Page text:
April 25 (~07:10 – ~19:30)
Before Lake Hughes Road – Forest Service Road 7N23 (21 mi / Total: 504.6 mi)
Weather: Hot but manageable as the afternoon has more shade, and at times there’s a little wind.
It’s not even 5:30 when I hear the first early morning hikers march right past me. It’s dark and I’m exhausted. Yesterday was a long day. My fear of mountain lions dissipate with the rise of morning and slowly I start my day. Everything I own is sticky and clammy and wet and now I understand why other hikers write about dealing with wet sleeping bags. I guess I’ve just been lucky while cowboy camping – until now.
I stuff everything into their respective stuff sacks and continue last night’s trail towards Lake Hughes Road and the valley where I really should’ve camped last night, just a few miles ahead – but I didn’t because I got too scared in the dark. I see a few tents around the space, and it’s a large flat area with trees for cover from the nearby road.
I cross Lake Hughes Road and check the elevation for today. It’s all ascend. I’m at 3000 ft and the chart goes up and up and down and more up, to somewhere around 5500 feet. I’m dreading it already. I begin the climb up and it’s a killer. My legs feel like lead. Everything around me is littered with small hills and dry ground sprouting single round bushes and yellow wildflowers.
Halfway up the first ascend is a small water source coming from a pipe in the steep mountain side, and I sit and collect water for a while. When I continue up the hill I suddenly notice I’ve left the plastic cap of my water filter at the water source – I have to go back. I throw off my pack and run down, find the cap and hurry back up. It’s hardly any effort – it’s astonishing how much easier it is to walk without a heavy pack. I could walk for days without any issues if I didn’t have to carry all this weight.
I get back to my backpack and trudge up again. I get into it more, and find the ascend is actually not as bad as I thought it was, and soon I reach the first high elevation of the day. The landscape opens up – I’m on top of the mountain, a huge undulating plateau that looks like giant dunes. I’m going up and down as the trail snakes around, making it a fun morning.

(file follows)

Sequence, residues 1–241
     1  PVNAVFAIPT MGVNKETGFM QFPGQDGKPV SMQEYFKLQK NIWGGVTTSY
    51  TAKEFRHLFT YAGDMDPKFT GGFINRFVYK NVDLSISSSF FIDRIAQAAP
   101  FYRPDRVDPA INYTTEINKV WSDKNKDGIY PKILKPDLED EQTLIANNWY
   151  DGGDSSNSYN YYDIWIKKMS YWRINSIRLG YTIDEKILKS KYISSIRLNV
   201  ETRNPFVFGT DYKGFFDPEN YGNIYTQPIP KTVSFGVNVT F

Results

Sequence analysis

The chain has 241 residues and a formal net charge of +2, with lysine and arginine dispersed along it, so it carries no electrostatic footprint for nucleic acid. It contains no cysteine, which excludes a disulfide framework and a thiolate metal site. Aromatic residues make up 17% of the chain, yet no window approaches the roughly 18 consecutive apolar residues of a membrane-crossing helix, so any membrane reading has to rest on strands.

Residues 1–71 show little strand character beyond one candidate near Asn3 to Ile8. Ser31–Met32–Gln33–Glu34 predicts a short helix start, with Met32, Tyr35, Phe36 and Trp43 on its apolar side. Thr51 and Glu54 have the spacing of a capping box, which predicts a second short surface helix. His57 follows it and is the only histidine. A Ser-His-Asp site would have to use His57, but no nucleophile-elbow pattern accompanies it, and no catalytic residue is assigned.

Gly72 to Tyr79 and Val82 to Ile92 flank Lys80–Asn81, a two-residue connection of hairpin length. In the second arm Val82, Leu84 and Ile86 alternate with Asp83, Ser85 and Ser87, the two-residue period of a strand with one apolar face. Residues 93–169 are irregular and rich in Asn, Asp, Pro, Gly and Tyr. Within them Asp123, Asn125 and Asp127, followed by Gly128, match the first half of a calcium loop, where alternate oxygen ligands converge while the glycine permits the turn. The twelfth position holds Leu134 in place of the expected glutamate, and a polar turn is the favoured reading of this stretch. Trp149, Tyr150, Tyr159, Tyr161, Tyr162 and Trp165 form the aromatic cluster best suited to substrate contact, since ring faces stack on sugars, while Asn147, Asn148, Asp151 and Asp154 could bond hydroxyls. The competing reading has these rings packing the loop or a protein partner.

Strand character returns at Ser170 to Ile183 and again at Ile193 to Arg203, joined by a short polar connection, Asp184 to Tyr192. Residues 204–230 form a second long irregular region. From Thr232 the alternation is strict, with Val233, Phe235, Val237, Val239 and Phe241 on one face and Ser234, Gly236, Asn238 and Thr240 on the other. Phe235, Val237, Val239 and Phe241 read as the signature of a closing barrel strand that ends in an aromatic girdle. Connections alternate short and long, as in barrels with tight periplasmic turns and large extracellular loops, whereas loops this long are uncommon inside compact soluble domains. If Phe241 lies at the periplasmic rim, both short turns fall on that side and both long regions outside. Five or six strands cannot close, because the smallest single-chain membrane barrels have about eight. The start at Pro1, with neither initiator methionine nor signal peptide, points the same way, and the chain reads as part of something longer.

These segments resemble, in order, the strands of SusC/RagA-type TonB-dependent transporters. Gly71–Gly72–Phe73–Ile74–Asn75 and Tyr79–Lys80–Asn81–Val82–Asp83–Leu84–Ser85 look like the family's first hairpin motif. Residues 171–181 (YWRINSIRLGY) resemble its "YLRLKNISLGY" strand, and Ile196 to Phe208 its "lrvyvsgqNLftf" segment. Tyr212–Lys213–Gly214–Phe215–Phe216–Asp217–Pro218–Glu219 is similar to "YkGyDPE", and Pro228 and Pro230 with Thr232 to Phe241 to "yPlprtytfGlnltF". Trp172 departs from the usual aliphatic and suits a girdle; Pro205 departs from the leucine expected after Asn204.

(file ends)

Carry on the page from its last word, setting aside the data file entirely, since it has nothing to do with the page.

Halfway through the day the trail parallels Maxwell Road, a barely used dirt road with tentsites and a water cistern just before. I sit down at a scenic spot underneath a pine tree, and take out all of my damp gear: my quilt, rain jacket, top, puffy and spread out everything on the grass in the strong sun, drying everything almost instantly. I linger endlessly, enjoying a long, relaxing break, until it’s time to move on, and I pack up my things once again and head over to the cistern.
The cistern is the last water for another ten miles – where there are two water tanks of which the first may or may not have water, and I’ve completely run out of my supply from the early morning stream. The cistern, I find, is filled with stagnant water, and it’s discoloured and covered in dirt. But I have no choice – I get out my two bottles and fill them with the distressing yellow concoction. I don’t dare to fill up my additional soft water pouch, and decide I can go with just a litre and a half. When I drink a little through my filter, it tastes absolutely repugnant. A district punch of garbage accompanies what was once water – at some point in the very distance past. It’s positively repulsive so I add some electrolytes in an attempt to somewhat hide the worst of the taste. It barely works.